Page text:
As promised at the WWDC 2017 Keynote, Apple has started rolling out airport maps and shopping mall maps. If you’re running iOS 11 beta, then you can visit airports in San Jose and Philadelphia, as well as shopping malls in San Jose and San Francisco. The new view shows indoor maps of these locations, with a new tappable info section that lets you find the exact terminal or donut store you’re looking for.
Despite the amazing age of technology we live in, traveling isn’t any less of a hassle than it used to be. Luckily we’ve found some great options for taking the edge off next time you’re in line at a security checkpoint, trying to catch a snooze on a cramped train, or worried about your phone dying while on that international walking hike you’ve been waiting years to make. There’s plenty more than that here, take a look and see if there’s a travel companion here that’s right for you.
There’s traveling and then there’s traveling smart, and few are smarter about travel than Tim Ferriss. Star of The Tim Ferriss Experiment is and author of #1 New York Times bestseller, The 4-Hour Workweek, he’s made a living out of helping people travel better and more effectively. The Round-the-World Giveaway gives you a chance to hang out with Ferriss and travel the globe with a big bag full of world-class gadgets. It’s a package worth thousands of dollars, but here’s the clincher: entry is totally free.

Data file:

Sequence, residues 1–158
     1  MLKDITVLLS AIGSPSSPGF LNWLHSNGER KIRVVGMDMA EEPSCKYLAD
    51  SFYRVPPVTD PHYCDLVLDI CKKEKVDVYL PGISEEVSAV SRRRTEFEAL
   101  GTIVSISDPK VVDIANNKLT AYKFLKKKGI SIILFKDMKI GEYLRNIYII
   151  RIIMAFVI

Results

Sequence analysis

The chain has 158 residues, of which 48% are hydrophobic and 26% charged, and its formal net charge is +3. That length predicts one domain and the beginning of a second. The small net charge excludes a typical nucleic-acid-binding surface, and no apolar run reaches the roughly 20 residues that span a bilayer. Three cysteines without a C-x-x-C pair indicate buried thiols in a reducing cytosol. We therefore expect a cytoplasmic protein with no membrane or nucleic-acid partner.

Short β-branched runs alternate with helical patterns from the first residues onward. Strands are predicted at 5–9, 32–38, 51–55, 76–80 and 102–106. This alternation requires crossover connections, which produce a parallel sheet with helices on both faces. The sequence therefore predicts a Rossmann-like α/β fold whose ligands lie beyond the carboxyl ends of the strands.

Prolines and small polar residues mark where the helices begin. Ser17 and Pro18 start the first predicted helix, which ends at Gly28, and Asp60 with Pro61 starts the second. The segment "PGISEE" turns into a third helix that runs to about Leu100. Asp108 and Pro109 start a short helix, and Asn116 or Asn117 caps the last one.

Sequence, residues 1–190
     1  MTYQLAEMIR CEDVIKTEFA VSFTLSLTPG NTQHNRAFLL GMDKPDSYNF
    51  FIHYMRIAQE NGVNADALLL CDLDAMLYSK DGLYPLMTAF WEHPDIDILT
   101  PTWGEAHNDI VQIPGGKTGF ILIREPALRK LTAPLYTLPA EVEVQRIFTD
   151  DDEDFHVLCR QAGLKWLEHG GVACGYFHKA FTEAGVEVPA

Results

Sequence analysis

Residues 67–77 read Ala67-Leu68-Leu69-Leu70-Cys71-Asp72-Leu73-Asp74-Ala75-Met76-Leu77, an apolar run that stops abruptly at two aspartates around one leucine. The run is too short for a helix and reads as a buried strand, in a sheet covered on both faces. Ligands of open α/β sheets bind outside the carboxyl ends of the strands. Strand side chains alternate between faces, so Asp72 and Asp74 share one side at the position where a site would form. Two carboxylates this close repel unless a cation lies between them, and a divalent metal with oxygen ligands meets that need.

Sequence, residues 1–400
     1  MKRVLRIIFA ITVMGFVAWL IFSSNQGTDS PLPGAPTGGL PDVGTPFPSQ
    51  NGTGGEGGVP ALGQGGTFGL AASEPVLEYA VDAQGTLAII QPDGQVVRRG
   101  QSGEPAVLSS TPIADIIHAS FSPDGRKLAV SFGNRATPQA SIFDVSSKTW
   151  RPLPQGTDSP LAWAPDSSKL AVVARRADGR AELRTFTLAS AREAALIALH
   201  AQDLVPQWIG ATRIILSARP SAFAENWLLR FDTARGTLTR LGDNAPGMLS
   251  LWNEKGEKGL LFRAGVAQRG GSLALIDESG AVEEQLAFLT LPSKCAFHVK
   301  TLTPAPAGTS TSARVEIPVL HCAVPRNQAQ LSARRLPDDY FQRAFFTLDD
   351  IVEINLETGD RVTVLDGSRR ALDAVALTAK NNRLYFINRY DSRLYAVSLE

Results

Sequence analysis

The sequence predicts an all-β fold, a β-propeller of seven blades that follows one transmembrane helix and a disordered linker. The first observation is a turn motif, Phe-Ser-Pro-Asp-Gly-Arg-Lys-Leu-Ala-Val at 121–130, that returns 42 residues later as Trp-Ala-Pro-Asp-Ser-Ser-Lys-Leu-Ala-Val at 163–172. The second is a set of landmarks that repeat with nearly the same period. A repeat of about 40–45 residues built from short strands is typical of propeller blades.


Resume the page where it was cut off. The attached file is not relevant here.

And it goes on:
American Airlines has now ditched heavy flight manuals and become the first major commercial carrier to introduce iPads to all of its cockpits in a move that is expected to save more than $1 million in fuel costs every year.
The company first began piloting (get it?) the scheme back in April, when it used Apple’s device alongside traditional paper manuals, which typically weigh around 35 pounds. Now those manuals have been phased out completely in favor of digital versions.
The friendly skies have been cozying up to the iPad for awhile now. First, the U.S. Federal Aviation Administration allowed pilots to replace hundreds of pounds of flight manuals and log books for Apple’s tablet, and now a new airline is promising to save fuel, increase profits and make their customers happier by phasing out the in-flight entertainment system in favor of a fleet of iPads.
Anyone who’s ever flown is familiar with the “please turn off all electronic devices” speech that flight attendants give after closing the airplane door and again shortly before landing. The ban on electronic devices of all kinds exists out of fear that devices might interfere with the planes navigation and other systems, even if the device doesn’t include any sort of radio antenna.
The ban on electronic devices has come under fire recently as the F.A.A. has been certifying the use of iPads in the cockpit during all phases of flight (including takeoff and landing) by various commercial airlines as a replacement for hefty “flight bags” of paper manuals and charts.
In a move that will music to the ears of Words With Friends addict Alec Baldwin, the agency is looking at allowing the use of electronic devices by passengers during takeoff and landing